Method level

Pairwise summation of numbers

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Primary authors of this description: A.V.Frolov, Vad.V.Voevodin (Section 2.2), A.M.Teplov (Section 2.4)

1 Properties and structure of the algorithm

1.1 General description of the algorithm

The technique of pairwise execution is used to accelerate the calculation of long sequences of associative operations (for instance, mass summations). It is widely used because of its computational characteristics and the fact that the height of this algorithm is minimum possible. Its popularity among the non-numerical algorithms is related to its recursive nature, which simplifies its formulation.

1.2 Mathematical description of the algorithm

Input data: one-dimensional numeric array of size [math]n[/math].

Output data: sum of the array's elements.

Formulas of the method: At each stage, the current array is first partitioned into pairs, and then the elements in each pair are summed. The resulting sums (and the elements not used at this stage) form an array that is partitioned into pairs at the next stage, etc.

1.3 Computational kernel of the algorithm

The computational kernel of the serial-parallel summation method can be compiled either of elementary pairwise additions (there are on the whole [math]n - 1[/math] additions) or in a recursive manner, that is, as a set of implementations of the pairwise summation for shorter arrays.

1.4 Macro structure of the algorithm

As already noted in the description of the computational kernel, the basic part of the method is compiled of recursive calls of the summation procedure for shorter arrays.

1.5 Implementation scheme of the serial algorithm

In its pure form, the pairwise summation is rarely used in a serial implementation because this complicates the general scheme of the algorithm and sharply increases the size of memory for storing intermediate data.

1.6 Serial complexity of the algorithm

Various ways of summation of an array of size [math]n[/math] differ from each other only by the arrangement of parentheses in the sum. The number of additions is the same for all arrangements, namely, [math]n - 1[/math]. Thus, in terms of serial complexity, the method should be qualified as a linear complexity algorithm.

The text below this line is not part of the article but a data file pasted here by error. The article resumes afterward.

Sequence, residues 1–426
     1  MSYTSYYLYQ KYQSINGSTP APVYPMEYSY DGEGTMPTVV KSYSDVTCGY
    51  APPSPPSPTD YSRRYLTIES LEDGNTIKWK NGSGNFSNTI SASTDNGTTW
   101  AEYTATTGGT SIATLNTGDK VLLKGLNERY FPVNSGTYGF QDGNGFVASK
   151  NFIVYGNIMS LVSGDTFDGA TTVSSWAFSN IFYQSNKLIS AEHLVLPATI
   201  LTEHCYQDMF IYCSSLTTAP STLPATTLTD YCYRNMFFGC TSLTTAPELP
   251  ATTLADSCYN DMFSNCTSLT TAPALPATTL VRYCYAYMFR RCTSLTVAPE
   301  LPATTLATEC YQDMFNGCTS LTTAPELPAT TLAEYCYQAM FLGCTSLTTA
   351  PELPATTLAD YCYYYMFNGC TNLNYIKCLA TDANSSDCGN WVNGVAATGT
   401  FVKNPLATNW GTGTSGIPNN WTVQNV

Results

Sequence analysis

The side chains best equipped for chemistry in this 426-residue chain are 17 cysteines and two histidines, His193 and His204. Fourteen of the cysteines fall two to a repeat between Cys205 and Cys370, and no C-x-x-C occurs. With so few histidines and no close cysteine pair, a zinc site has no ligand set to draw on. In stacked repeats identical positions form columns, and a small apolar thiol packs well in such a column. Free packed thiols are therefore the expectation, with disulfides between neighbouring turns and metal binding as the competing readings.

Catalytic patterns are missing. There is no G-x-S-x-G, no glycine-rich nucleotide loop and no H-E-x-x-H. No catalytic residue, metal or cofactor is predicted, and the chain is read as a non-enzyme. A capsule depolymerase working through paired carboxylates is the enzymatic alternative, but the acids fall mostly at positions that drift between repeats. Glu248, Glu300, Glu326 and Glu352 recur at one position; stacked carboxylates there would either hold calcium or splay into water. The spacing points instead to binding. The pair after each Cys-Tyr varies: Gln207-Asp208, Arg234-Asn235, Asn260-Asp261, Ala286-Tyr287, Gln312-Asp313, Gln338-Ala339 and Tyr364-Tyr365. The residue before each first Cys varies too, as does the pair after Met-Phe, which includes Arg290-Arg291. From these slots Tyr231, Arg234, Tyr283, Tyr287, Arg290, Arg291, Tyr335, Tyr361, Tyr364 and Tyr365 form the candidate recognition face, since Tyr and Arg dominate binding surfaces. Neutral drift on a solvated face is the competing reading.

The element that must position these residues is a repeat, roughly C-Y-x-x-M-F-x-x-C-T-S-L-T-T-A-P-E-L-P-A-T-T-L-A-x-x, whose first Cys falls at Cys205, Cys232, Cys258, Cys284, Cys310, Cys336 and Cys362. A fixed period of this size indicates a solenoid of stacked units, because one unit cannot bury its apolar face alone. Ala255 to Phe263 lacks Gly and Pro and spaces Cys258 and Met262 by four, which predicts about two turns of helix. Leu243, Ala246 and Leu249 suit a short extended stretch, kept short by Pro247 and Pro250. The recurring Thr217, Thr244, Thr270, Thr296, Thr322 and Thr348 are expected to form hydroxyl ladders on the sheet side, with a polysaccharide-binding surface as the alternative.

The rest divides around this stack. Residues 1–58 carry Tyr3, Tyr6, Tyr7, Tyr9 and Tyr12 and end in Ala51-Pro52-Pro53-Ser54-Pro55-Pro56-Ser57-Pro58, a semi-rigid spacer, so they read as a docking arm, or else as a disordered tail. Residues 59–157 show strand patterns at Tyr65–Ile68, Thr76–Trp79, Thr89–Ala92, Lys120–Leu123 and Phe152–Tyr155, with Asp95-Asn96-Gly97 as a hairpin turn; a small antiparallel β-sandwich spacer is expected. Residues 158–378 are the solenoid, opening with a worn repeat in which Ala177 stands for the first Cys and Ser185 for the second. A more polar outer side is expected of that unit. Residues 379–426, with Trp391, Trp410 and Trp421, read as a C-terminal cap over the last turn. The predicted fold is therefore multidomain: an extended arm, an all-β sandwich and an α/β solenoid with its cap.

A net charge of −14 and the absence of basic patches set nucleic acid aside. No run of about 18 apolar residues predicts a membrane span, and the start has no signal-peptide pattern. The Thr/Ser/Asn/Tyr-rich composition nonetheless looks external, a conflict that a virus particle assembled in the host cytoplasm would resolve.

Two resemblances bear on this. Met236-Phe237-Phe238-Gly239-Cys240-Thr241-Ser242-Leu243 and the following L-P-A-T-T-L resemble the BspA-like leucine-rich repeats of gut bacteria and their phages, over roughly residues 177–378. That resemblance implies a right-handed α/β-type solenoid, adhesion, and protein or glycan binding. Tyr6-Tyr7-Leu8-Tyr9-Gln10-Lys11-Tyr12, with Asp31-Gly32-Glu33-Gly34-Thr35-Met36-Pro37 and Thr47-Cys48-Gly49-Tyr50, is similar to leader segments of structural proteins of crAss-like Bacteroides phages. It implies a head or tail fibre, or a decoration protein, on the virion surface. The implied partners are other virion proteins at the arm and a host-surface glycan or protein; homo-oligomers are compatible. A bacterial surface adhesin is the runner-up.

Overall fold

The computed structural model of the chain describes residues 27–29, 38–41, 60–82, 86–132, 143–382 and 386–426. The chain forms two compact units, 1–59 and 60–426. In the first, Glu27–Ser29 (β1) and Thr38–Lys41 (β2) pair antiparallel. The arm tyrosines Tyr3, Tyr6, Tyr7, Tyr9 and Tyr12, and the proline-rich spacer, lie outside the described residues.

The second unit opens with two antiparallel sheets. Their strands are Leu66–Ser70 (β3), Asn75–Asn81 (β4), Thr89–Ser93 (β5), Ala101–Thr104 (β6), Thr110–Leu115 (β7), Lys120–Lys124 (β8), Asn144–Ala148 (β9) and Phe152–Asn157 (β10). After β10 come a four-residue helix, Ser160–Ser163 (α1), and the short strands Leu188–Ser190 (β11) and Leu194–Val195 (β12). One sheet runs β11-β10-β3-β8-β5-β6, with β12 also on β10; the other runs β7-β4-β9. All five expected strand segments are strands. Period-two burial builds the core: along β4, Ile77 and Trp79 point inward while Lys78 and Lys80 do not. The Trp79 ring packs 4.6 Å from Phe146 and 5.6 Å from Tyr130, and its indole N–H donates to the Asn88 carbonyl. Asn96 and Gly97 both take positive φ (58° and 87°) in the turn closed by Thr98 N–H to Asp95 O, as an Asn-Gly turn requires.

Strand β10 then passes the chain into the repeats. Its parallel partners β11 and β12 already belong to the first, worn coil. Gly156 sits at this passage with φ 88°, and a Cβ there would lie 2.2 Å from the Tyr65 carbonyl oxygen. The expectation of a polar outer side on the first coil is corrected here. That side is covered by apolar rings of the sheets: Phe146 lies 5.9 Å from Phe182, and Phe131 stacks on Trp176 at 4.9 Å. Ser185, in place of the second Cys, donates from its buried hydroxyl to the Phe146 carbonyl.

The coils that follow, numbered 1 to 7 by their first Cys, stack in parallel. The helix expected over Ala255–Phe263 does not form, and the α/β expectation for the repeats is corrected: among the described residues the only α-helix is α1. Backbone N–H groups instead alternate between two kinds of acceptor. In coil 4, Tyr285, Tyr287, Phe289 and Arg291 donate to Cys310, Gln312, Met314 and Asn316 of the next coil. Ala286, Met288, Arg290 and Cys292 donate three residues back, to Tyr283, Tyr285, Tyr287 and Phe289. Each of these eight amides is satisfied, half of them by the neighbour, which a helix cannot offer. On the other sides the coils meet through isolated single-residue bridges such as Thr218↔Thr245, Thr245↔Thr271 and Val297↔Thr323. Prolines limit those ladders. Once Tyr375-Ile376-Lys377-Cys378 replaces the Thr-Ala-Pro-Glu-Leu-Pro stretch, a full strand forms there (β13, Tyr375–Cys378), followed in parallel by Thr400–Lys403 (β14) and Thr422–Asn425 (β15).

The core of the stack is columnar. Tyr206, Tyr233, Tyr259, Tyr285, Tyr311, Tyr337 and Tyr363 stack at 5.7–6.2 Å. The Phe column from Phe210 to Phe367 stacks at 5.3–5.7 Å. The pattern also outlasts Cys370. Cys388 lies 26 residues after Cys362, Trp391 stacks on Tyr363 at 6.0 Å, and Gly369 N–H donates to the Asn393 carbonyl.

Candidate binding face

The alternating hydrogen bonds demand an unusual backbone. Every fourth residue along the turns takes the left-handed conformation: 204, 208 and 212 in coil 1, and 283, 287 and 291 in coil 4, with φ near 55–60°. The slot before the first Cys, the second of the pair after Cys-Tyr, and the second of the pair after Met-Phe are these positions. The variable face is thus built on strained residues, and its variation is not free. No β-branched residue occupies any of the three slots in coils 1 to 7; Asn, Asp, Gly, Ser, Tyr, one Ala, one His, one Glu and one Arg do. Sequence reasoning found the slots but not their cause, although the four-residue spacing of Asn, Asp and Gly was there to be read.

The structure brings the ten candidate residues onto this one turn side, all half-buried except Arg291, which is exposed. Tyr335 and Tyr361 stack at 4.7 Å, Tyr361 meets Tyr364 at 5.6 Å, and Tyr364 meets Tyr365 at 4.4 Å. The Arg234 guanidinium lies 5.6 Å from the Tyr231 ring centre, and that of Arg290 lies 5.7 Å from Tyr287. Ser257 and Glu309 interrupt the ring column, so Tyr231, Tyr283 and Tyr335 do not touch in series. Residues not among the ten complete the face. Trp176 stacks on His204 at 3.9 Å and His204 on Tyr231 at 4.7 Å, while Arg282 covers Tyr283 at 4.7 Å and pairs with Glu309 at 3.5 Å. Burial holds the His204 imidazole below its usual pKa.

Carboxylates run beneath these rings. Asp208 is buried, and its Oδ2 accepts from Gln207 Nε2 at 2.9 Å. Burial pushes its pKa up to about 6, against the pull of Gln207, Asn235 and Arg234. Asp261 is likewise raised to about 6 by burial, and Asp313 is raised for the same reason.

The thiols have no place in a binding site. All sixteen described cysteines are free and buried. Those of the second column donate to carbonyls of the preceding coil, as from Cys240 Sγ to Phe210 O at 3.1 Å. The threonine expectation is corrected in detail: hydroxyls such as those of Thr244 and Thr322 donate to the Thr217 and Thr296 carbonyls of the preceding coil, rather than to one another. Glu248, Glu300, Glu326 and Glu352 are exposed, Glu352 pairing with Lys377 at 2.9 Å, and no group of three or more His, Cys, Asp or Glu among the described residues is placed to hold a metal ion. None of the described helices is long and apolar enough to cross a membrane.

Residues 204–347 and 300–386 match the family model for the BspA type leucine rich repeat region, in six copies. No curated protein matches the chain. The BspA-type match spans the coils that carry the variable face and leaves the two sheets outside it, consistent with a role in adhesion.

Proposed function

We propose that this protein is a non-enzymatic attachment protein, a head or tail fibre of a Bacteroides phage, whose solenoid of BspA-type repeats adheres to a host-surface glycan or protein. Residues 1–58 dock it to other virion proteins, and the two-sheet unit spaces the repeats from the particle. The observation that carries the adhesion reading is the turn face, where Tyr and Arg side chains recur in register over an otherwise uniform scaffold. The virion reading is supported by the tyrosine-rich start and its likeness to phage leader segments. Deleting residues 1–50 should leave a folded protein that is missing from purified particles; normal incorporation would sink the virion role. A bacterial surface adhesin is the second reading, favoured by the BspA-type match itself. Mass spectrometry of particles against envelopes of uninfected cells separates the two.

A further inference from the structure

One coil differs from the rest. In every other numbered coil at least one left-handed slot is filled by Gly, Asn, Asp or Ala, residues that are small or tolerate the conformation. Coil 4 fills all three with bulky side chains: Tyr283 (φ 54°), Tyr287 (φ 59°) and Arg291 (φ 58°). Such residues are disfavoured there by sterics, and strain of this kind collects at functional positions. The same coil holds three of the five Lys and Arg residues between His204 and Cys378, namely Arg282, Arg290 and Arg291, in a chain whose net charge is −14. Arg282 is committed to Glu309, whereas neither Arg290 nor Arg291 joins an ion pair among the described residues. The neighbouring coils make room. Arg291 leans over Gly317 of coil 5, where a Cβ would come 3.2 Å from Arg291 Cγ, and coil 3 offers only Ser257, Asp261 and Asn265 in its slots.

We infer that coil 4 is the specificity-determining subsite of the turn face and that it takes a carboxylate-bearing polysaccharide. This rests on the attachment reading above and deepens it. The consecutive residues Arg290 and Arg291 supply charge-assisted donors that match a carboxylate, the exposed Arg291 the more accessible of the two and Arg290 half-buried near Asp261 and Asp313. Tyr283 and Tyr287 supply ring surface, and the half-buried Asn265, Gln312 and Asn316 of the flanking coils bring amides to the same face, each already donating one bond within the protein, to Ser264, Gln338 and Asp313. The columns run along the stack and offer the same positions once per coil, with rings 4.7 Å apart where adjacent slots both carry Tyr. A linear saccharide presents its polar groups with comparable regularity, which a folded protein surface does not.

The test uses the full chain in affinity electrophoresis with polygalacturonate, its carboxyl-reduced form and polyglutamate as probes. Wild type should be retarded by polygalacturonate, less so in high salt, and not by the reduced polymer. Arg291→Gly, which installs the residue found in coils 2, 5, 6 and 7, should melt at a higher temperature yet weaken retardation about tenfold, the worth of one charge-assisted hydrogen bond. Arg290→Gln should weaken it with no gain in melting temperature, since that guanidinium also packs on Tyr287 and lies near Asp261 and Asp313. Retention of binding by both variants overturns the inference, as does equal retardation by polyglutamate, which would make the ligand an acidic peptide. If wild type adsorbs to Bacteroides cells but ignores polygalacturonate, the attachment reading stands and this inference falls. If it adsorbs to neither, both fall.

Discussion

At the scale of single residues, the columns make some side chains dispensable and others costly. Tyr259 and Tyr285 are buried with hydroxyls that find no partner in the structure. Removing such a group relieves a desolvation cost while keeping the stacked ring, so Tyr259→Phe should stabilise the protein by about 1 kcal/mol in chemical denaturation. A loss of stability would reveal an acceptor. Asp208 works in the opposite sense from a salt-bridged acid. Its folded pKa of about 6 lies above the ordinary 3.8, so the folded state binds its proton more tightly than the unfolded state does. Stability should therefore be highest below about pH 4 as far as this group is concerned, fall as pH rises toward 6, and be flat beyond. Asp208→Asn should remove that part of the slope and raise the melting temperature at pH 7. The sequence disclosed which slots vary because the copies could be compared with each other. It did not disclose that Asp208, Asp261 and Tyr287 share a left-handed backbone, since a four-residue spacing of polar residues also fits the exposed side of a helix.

1.7 Information graph

The algorithm graph is shown in the fig.1 in the case where an array of size 16 is summed. The vertices corresponding to the input data are depicted in blue, while those that correspond to output data are depicted in red.

Figure 1. Pairwise summation of an array

1.8 Parallelization resource of the algorithm

The parallel version of the pairwise summation for an array of size [math]n[/math] requires that [math]\lceil \log_2 n \rceil[/math] layers be successively performed. The number of additions per layer decreases from [math]\frac{n}{2}[/math] to [math]1[/math]). In terms of the parallel form height, the pairwise summation is qualified as a logarithmic complexity algorithm. Its complexity is linear in terms of the parallel form width.

1.9 Input and output data of the algorithm

Input data: array [math]x[/math] (with elements [math]x_i[/math]).

Further restrictions: none.

Size of the input data: [math]N[/math].

Output data: sum of the array's elements.

Size of the output data: single scalar.

1.10 Properties of the algorithm

It is clear that, in the case of unlimited resources, the ratio of the serial to parallel complexity has the order [math]\frac{n}{\log_2 n}[/math] (the ratio of the linear to logarithmic complexity). The computational power of the algorithm, understood as the ratio of the number of operations to the total size of the input and output data, is only 1 (the size of the input and output data is almost equal to the number of operations). The algorithm is completely determined. The edges of the information graph are nonlocal. For any placing of graph vertices, the length of the edges grows exponentially from a layer to the next layer.

2 Software implementation of the algorithm

2.1 Implementation peculiarities of the serial algorithm

2.2 Locality of data and computations

2.2.1 Locality of implementation

2.2.1.1 Structure of memory access and a qualitative estimation of locality
2.2.1.2 Quantitative estimation of locality

2.3 Possible methods and considerations for parallel implementation of the algorithm

2.4 Scalability of the algorithm and its implementations

2.4.1 Scalability of the algorithm

2.4.2 Scalability of of the algorithm implementation

2.5 Dynamic characteristics and efficiency of the algorithm implementation

2.6 Conclusions for different classes of computer architecture

2.7 Existing implementations of the algorithm

3 References